Common Name: Corn Plant, Dragon Tree
Botanical Name: Dracaena deremensis, Dracaena steudneri, Dracaena marginata, Dracaena fragrans (see below for available varieties)
There are approximately 120 species of Dracaena trees and shrubs. Whether your favorite is Marginata, Massangenana, Fragrans, or possibly Deremensis, each will give you a hefty return for very little maintenance. This genus of plants can grow quite large and are best kept under control by removing the top portion of the plant. New foliage will emerge from the cut area and you can even propagate the cutting! If you give this hearty indoor plant the proper light and amount of water, it will become a lovely, long-term resident in your home.
Important! Dracaena is poisonous if ingested, so be very careful if you have pets and/or small children.
Some Dracaenas - like the D. Fragrans and D. Massangeana - will grow in low light, but most other varieties - like Marginatas - thrive in filtered, bright, indirect light. Direct sunlight can damage the leaves, unless the plant was originally grown in direct sun.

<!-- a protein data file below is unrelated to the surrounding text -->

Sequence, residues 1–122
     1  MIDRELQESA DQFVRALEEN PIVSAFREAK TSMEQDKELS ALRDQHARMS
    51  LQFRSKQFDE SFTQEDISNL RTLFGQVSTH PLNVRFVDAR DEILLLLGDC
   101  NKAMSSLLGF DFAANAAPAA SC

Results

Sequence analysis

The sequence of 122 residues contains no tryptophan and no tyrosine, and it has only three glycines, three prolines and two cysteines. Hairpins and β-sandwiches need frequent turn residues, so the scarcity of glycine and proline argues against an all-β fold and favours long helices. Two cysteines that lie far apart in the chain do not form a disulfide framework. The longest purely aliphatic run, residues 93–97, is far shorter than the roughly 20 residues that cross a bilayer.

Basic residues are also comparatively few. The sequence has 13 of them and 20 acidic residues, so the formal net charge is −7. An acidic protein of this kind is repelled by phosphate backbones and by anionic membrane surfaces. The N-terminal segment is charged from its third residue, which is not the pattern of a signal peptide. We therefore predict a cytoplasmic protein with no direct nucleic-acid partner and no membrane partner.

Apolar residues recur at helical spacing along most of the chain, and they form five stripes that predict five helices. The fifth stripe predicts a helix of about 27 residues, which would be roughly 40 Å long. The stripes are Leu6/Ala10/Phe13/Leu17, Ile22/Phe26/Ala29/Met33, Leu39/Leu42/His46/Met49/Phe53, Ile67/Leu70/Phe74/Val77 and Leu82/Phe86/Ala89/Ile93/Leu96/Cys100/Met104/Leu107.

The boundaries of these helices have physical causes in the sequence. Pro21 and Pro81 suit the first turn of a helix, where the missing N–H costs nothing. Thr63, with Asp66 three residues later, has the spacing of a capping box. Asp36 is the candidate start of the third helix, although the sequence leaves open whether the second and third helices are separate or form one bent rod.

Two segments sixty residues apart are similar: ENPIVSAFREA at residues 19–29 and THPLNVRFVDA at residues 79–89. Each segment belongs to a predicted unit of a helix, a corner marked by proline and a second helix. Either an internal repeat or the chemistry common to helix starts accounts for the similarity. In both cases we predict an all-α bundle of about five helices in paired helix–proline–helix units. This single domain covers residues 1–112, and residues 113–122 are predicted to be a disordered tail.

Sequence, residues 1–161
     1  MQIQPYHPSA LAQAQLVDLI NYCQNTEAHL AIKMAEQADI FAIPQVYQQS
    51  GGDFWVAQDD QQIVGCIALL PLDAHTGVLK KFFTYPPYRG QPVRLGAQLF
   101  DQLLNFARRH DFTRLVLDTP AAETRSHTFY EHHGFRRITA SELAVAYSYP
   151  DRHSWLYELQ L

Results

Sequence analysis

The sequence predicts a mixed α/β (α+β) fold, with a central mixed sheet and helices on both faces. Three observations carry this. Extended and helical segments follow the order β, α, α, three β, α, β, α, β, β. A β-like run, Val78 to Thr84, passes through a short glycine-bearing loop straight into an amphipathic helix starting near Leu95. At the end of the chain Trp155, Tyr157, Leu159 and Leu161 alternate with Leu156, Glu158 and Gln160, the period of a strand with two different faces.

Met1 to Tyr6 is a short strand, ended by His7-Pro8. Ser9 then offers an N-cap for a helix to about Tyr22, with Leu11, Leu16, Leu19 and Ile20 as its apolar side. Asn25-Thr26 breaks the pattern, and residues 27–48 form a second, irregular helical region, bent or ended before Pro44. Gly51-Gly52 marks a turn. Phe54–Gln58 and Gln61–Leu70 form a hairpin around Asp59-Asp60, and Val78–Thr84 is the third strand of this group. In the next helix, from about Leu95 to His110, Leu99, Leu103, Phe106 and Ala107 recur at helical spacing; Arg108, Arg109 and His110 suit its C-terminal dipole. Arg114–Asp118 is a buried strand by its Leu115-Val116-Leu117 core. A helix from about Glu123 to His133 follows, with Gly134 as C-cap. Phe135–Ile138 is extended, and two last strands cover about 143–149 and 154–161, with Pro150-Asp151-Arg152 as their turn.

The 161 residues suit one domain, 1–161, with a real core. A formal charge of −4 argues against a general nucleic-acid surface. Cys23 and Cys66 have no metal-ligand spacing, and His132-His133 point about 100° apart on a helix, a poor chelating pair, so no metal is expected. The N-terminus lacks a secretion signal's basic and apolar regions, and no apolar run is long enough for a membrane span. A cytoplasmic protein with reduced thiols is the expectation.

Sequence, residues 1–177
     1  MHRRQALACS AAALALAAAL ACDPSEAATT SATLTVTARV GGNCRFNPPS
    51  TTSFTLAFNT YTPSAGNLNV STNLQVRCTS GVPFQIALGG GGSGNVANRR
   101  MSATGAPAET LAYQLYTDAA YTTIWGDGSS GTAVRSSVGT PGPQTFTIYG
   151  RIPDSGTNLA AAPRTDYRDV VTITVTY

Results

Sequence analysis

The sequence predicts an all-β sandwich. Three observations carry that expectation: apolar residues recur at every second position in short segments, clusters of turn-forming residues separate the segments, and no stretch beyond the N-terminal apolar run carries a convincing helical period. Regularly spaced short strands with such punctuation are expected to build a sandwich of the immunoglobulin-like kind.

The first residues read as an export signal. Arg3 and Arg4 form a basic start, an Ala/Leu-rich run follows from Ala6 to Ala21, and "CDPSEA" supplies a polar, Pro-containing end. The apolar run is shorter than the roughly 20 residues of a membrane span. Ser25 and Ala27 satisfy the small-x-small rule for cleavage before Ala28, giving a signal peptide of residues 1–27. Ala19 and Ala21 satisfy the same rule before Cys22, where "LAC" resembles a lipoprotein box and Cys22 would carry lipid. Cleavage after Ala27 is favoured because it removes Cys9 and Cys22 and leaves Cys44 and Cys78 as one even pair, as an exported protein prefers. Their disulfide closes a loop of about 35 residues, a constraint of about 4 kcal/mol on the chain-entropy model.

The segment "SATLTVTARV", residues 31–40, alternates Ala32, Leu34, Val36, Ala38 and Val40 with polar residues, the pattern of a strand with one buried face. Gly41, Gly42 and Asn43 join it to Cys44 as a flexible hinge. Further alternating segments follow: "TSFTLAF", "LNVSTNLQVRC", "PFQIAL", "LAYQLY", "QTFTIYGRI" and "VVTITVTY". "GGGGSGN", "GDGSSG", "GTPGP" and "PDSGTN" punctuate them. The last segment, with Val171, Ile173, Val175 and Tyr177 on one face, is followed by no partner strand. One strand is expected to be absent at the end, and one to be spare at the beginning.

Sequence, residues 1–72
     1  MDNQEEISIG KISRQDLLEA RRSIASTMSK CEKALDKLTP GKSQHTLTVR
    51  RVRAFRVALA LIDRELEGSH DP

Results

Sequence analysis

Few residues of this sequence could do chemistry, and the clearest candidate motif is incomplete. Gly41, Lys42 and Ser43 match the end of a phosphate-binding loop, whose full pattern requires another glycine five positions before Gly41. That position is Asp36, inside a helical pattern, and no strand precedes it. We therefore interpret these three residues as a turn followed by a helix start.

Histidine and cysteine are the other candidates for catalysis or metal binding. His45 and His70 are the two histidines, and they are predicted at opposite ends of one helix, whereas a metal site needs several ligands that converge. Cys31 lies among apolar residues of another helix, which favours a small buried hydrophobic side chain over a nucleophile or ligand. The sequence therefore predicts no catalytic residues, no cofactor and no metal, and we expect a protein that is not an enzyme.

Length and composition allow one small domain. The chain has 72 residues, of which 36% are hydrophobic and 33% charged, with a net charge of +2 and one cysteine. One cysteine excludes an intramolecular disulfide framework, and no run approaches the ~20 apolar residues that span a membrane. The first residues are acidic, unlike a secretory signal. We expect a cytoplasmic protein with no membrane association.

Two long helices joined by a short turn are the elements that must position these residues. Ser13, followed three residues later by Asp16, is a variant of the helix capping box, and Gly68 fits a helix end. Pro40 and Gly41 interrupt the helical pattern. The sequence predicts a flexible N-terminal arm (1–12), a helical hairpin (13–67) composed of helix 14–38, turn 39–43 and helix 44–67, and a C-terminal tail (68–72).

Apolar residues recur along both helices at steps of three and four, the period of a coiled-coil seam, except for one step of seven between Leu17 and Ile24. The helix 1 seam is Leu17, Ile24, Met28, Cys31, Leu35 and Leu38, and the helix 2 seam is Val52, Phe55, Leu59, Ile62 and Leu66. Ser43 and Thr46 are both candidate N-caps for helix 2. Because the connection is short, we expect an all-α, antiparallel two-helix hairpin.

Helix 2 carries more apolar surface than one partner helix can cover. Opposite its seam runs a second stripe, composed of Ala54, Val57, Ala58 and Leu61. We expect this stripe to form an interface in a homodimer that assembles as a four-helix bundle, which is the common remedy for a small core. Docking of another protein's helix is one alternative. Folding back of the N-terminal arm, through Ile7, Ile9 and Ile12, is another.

Dracaenas have a reputation for not needing a lot of water. True, but they need a thorough soaking when the soil dries out! Remember -- all plants need water! Dracaenas planted in a six-inch pot should be watered when the soil is dry four inches below the top. Use filtered water, rainwater, or distilled water, as these plants don’t like salts or minerals. Dracaenas prefer dry soil; soggy soil promotes fungus and root rot.
The ideal temperatures for Dracaenas are those above 65℉. Sudden coldness can damage the leaves, so keep them away from drafty doors and windows during the colder months.
Dracaena house plants benefit from higher humidity levels during summer, or when they’re in heated, forced-air environments.
It’s not necessary to fertilize your Dracaenas, but they benefit from you feeding them once a month during the growing season with a ¼ diluted complete liquid fertilizer or fish emulsion. You can also top-dress the plant at the start of the growing season with a rich compost.
- Use filtered water as these plants are sensitive to salts and chemicals found in most tap water.
- If you want to reduce the size of the plant, simply cut off the top; over time, new foliage will grow back at the cut, producing a fuller look.
- If your plant isn’t thriving, try moving it to a spot with more light.